I had a good laugh yesterday with my friend S., when he told about his dog (a Rhodesian Ridgeback,
one of my favourite dogs!). This dog is a young one and he has an older dog as well. His family has taught the older dog that if he needs to go outside for a pee, the dog rings a bell and they let him in the garden. The younger dog picked up the bell ringing idea quickly, but... only for going outside. So the dog rings the bell, my friend lets him out. The dog stretches a bit, walks around the garden, sniffs here and there, but no pee. Then he wants to get in. And later he rings the bell again and my friend lets him out because the dog didn't do anything the first time. But no, again the dog just needs to get a bit of fresh air!
So the dog has learned one part (ringing the bell to go outside), but doesn't make the connection with the real intention of his owner (going outside only when he needs to go for a pee). I can imagine this could happen in the human world as well. If a person learns the skill but doesn't really know or understand the reason behind it, when he or she then teaches the skill to a novice the emphasis will be on the surface part and not the full intention. Teaching means not only getting into the how, but the why as well.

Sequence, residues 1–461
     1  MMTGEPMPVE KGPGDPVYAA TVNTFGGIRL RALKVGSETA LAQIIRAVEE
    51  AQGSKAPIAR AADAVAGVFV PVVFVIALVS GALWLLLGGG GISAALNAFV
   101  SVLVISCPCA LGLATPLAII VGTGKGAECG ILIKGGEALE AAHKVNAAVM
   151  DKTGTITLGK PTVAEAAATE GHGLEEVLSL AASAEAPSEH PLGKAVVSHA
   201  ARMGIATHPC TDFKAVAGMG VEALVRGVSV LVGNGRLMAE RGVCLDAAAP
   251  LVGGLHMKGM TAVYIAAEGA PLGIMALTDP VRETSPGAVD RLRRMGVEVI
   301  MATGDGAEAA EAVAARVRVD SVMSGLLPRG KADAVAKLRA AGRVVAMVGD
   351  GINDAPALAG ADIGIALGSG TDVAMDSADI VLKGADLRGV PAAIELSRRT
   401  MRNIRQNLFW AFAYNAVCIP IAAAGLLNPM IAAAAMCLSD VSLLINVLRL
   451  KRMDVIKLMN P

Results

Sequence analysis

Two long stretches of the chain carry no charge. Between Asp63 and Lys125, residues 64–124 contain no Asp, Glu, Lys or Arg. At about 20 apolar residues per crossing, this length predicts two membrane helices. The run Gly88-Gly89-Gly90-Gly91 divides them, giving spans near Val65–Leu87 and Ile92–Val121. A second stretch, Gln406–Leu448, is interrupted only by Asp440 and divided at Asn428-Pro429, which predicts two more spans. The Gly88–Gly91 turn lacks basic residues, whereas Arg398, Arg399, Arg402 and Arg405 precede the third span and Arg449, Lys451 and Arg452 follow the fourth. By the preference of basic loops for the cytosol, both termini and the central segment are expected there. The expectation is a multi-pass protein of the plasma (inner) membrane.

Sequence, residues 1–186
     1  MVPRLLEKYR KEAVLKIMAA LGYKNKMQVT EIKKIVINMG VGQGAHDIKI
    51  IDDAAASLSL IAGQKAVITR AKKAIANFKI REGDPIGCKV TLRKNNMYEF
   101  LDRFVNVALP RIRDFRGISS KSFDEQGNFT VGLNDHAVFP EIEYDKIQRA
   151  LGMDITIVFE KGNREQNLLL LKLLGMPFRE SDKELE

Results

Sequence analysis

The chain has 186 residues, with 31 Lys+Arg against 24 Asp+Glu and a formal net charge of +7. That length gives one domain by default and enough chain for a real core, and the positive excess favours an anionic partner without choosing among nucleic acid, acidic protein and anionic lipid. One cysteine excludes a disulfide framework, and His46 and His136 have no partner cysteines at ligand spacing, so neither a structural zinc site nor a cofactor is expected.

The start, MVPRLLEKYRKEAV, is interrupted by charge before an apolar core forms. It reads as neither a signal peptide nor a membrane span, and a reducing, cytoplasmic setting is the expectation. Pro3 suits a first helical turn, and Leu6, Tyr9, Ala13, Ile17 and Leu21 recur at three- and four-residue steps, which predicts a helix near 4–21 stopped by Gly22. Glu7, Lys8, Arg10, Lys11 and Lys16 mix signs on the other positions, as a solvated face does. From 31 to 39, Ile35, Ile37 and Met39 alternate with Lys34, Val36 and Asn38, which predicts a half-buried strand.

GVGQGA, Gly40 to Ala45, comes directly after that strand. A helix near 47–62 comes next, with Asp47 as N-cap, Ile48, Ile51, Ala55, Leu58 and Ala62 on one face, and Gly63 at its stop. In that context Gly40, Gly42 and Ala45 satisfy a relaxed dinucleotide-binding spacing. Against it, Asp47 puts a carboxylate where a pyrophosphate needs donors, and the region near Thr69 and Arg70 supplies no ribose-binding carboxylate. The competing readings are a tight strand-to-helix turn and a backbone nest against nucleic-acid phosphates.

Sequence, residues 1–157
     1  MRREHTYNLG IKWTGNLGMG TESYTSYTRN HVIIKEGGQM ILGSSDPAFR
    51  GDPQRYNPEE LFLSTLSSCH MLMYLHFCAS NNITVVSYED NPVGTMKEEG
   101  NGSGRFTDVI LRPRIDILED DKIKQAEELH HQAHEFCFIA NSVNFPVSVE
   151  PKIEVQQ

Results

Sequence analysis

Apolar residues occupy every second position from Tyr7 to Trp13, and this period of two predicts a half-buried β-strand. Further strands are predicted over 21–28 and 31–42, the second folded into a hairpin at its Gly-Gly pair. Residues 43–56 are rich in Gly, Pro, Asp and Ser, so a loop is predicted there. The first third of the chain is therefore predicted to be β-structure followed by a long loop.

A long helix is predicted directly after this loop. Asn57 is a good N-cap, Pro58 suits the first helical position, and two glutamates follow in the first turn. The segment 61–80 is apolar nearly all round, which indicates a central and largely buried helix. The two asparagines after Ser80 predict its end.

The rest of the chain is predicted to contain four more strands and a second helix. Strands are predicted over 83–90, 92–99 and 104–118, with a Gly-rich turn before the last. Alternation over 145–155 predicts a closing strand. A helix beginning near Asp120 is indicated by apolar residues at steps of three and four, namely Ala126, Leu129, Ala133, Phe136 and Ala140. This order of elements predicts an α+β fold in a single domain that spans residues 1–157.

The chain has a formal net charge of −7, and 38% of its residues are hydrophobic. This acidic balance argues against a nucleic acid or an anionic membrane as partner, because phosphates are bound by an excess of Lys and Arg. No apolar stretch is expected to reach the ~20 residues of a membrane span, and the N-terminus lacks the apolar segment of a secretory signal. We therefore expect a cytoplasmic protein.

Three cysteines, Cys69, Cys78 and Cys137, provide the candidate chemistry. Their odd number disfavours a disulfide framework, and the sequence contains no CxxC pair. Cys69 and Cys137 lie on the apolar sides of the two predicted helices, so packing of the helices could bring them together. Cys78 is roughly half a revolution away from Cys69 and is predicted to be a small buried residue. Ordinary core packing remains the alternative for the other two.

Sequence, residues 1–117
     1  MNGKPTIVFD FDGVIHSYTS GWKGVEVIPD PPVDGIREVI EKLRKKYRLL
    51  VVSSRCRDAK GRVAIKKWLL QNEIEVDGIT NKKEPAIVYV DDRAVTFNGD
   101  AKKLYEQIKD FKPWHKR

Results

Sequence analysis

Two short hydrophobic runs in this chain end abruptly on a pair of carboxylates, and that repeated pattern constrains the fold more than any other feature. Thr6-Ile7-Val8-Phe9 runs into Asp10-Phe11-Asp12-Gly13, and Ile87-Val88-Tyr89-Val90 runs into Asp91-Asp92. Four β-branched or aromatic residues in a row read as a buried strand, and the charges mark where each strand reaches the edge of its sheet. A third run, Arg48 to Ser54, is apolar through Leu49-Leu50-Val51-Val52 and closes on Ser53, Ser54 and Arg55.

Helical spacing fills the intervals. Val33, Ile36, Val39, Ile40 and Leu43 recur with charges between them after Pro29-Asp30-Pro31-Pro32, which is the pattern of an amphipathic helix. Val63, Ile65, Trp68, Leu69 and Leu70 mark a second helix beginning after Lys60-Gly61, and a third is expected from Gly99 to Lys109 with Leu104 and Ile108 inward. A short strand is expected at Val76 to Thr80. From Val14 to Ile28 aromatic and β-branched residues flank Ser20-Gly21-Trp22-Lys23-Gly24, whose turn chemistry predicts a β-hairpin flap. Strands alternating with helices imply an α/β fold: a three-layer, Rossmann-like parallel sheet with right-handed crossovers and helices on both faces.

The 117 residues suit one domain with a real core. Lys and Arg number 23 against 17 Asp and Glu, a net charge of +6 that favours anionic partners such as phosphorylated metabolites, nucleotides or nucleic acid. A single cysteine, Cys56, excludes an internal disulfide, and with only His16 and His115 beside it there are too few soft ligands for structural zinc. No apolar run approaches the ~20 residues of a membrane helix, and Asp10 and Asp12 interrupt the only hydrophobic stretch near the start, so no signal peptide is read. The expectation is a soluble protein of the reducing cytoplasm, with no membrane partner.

Of course this won't work for the dog, explaining the why of an action. I'm not a dog training expert, so I leave any recommendation to others. Meanwhile, the dog is giving my friend some exercise!